Read full article by Issa Silva @ipsnews; PC: Ollivier Girard/CIFOR
The desertification is causing job loss and decreased harvest and this is evident from Ibrahim Harouna and his neighbours as they are simply passing thier time playing and chatting amid the simmering heat of Ouagadougou, the capital of Burkina Faso.
Harouna, a seasonal small-scale farmer worked for in northern Burkina Faso and two two other workers need to leave the because their services were no longer needed amid dwindling harvests.
Production had begun failing as desertification and drought took their toll on the land — which had become severely degraded, with half of the farmland soil turning to sand.
The economy in this Sahelian nation of 20.5 million people, located in the hinterland and within the confines of the Sahara, depends heavily on agriculture, forestry and livestock farming.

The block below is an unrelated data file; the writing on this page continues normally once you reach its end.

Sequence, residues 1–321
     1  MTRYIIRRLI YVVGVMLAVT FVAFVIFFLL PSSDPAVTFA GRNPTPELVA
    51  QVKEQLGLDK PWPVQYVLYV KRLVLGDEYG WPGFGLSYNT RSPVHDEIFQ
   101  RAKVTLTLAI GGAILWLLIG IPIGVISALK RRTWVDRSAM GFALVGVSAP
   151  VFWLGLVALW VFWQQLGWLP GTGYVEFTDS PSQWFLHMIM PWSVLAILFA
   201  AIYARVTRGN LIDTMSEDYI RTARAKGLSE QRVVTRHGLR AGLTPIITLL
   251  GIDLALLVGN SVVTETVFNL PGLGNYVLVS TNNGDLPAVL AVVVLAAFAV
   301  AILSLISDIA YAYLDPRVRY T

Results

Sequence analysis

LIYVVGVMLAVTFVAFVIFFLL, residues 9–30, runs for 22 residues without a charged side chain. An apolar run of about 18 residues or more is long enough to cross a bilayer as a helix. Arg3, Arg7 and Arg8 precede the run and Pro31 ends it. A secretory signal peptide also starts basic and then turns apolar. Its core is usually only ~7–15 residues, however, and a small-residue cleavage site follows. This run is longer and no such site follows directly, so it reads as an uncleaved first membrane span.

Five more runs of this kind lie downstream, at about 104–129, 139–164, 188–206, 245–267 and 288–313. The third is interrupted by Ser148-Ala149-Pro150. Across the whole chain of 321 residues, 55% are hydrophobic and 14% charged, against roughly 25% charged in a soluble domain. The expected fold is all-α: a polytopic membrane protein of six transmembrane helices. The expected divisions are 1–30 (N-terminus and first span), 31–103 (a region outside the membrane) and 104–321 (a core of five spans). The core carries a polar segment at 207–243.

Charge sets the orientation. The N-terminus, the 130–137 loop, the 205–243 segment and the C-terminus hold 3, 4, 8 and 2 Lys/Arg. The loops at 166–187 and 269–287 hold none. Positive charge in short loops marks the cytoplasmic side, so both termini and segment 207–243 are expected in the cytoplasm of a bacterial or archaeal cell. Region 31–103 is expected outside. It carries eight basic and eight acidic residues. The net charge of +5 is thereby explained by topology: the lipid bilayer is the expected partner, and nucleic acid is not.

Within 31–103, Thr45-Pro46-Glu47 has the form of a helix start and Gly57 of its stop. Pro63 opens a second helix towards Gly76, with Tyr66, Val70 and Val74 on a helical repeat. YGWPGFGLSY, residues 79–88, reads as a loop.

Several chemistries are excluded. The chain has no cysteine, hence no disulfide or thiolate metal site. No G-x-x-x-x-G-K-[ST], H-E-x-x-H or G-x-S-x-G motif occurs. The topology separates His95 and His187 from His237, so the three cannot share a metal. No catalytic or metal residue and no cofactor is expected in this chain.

The sector is dominated by small-scale farms of less than five hectares and its main products are sorghum, millet and maize (the most produced in terms of volume), according to the Food and Agricultural Organization of the United Nations (FAO). Cotton exports are still dominant and represent about 60 percent of total agricultural exports, according to the World Bank.